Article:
Leaving Sacramento aside, because I don't know the neighborhoods well, Woodland is the area that's changing the most. Home prices are still relatively low for the area (although there are new developments going in that are starting more in the $350k range). It's downtown is growing up a bit too, with some nice farm-to-table stuff coming in now. I think Woodland 10 -- or even 5 -- years from now is going to be more like Davis and Winters. I've been out here for over 15 years, and it always had the reputation (among Davisites, anyway) of being run-down, working class, and having gang problems. It's definitely more working class than Davis, but not in a bad way. And, the only reason Woodland has a bigger gang problem than Davis is because Davis is so damned affluent.

One thing I'd caution you about if you're considering moving to Sacramento is that commuting over the causeway sucks.

Also, I don't have kids, so I can't tell you anything about schools. Davis is definitely considered the cream of the crop among the places you mentioned.
posted by mudpuppie at 3:21 PM on July 26, 2016 [3 favorites]

Oh -- and if you're interviewing for a faculty/other academic job at UCD, check out the campus's Mortgage Origination Program. There may be help there for you.
posted by mudpuppie at 3:36 PM on July 26, 2016

Best answer: Woodland. Everyone who has to own a house lives in Woodland or Dixon and commutes in these days. Some may come from Suisun-Fairfield area as well, or Elk Grove.
posted by jenfullmoon at 5:41 PM on July 26, 2016

Best answer: There are lots of neighborhoods in Sacramento that are fine, but your price is going to be a big hangup. The following are excellent neighborhoods/towns where you’re almost certainly not going to be able to buy for $300K:
* Davis - Unless you look at an *old* multifamily condo.
* Land Park
* Curtis Park
* South Land Park
* East Sacramento
* Elmhurst
* River Park
* Midtown

West Sacramento (buy south of Highway 50) is a maybe.

Good neighborhoods where you may be able to buy:
* Hollywood Park – Don’t be right on Fruitridge. North of 22nd is a little more patchy with run down apartments, etc. but not bad. Has some character, but you’re looking at a two bedroom one bath.
* Tahoe Park (or South Tahoe Park) – Stay away from Stockton Blvd. Not sure if you can get three bedrooms for $300K. Not much in the way of services (restaurants, grocery stores, coffee shops) in the neighborhood, but has character, is affordable and has a really nice park.
* North Natomas - North of I-80. Beware of the flood risk here. It isn’t likely, but it’s possible. Houses are newer and bigger here. Three bedrooms is no problem. Very car-oriented.
* Pocket
* College Greens - Very much a pocket neighborhood, and the main streets around it are ugly.
* La Riveria
Those are pretty much in my personal order of preference. I work in the central city, and Hollywood Park is pretty walkable (park and grocery/services in walking distance) and the others aren’t, except in patches.

Your commute to Davis in the morning from these neighborhoods would be not terrible. It’s getting home around 5:00 PM that’s the issue. From Tahoe Park (for example) it’s 22-35 minutes in the morning, according to Google maps, and 35 minutes to an hour in the

Also be aware that in the Sacramento and Natomas school districts, a number of the public school populations are much more heavily minority and poor than the neighborhoods they’re in. You’ll find individual schools (a couple charters in Natomas and schools in Land Park and East Sac) that have disproportionately low minority populations. The math says (to me) that non-minority local residents have pulled their kids out of the local schools and concentrated them in a few places. Make of that what you will. Just want you to be aware of it.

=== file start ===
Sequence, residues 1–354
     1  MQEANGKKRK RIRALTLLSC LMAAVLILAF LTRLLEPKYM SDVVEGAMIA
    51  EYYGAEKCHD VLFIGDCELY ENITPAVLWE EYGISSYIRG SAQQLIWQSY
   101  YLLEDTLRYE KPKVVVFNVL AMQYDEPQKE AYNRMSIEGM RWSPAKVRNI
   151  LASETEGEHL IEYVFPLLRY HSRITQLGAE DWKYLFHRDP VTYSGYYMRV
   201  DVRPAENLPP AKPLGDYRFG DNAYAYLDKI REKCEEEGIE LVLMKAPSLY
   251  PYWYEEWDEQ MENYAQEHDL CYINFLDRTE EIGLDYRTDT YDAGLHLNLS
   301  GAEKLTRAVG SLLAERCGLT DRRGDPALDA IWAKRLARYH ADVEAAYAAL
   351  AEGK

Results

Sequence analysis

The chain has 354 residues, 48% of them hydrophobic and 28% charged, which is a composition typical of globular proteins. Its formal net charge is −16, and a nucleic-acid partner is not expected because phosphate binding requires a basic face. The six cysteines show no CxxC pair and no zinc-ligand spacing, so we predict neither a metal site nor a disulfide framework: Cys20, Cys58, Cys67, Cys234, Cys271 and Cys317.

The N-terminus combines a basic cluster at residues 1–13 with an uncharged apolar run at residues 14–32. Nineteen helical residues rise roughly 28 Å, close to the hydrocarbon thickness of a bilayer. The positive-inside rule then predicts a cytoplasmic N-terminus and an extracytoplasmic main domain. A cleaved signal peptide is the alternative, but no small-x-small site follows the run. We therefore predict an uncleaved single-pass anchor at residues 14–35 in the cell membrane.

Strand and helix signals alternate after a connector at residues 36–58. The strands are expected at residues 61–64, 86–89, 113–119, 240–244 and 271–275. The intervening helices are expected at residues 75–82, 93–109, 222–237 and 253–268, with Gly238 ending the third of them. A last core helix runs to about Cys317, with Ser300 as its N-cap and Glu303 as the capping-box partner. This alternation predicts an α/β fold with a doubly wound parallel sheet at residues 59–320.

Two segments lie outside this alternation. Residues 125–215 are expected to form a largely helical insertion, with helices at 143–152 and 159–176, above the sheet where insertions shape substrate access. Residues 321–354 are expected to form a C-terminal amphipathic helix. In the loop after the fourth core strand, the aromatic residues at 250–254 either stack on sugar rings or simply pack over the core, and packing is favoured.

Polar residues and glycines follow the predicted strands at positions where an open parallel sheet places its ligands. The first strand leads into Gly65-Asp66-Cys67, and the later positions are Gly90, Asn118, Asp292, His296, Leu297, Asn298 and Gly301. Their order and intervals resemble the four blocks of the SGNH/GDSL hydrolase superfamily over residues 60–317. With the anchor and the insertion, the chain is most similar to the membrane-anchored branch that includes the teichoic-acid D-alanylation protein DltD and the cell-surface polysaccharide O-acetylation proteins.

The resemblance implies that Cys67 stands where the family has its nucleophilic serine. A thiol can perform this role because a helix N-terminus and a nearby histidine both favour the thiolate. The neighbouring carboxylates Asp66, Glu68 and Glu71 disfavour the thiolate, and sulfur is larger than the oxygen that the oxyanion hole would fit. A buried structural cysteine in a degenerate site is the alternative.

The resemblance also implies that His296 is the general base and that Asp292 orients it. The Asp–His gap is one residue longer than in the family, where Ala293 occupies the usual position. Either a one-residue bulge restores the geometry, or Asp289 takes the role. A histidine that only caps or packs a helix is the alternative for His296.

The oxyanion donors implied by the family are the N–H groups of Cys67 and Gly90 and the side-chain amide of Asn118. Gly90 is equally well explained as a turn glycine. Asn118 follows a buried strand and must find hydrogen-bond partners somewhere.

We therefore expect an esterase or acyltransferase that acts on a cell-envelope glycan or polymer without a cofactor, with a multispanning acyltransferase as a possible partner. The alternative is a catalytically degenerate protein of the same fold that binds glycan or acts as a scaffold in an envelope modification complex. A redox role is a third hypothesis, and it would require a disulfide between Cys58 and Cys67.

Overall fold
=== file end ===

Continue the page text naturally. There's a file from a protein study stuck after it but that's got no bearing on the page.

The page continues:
I don’t know Woodland or Dixon well, so I can’t speak to those. The second ring-ish Sacramento neighborhoods (Rancho Cordova, Citrus Heights, Carmichael, Fair Oaks) I’m not as familiar with, though I think the commute wouldn’t work. Folsom and Roseville/Rocklin are definitely too far and too expensive. Elk Grove you could probably afford, but it adds 30-45 minutes to your commute.

You might also consider Vacaville. It’s not incredibly cosmopolitan, but it seems fine and is relatively inexpensive.

FWIW, I worked at UCD for a while, and nearly everyone on staff lived in Woodland, Dixon or Sacramento. Non-academics didn't live in Davis because their jobs didn't pay enough to afford it, and Davis refuses to expand or build housing for any reason.

I'd really recommend renting for your first six months to a year until you get settled and learn neighborhoods a bit. I also think browsing crime stats is extremely useful in taking the bias and emotion out of the advice you'll receive.
posted by cnc at 12:30 PM on July 27, 2016 [1 favorite]

Two more notes:
* Oak Park is gentrifying rapidly, but has seen its share of trouble over the years. Consult the crime map and decide accordingly.
* Be aware that Vacaville is so remote that it can be really terrible to commute from if you don't work in one of Vacaville, Fairfield or Sacramento, and Sacramento is 30 minutes with zero traffic.
posted by cnc at 12:39 PM on July 27, 2016

Further data point: someone I know in Woodland* said his commute is about as long as it takes to drive from UCD to the freeway in South Davis at 5 p.m., and there's pretty much nobody ever out on 113 to have traffic problems. "They have cops out there every six weeks, pretty much on a schedule, to check for speeding, but that's it." Every other place mentioned is on I-80, so...you're gonna have traffic.

* also, apparently everyone who lives in Woodland loooooves it, even though I think the place is dull. YMMV.
posted by jenfullmoon at 6:20 PM on July 27, 2016

Response by poster: Well, I got the job and we're moving! We're hoping to live in Woodland. Yay!
posted by apricot at 7:08 PM on August 30, 2016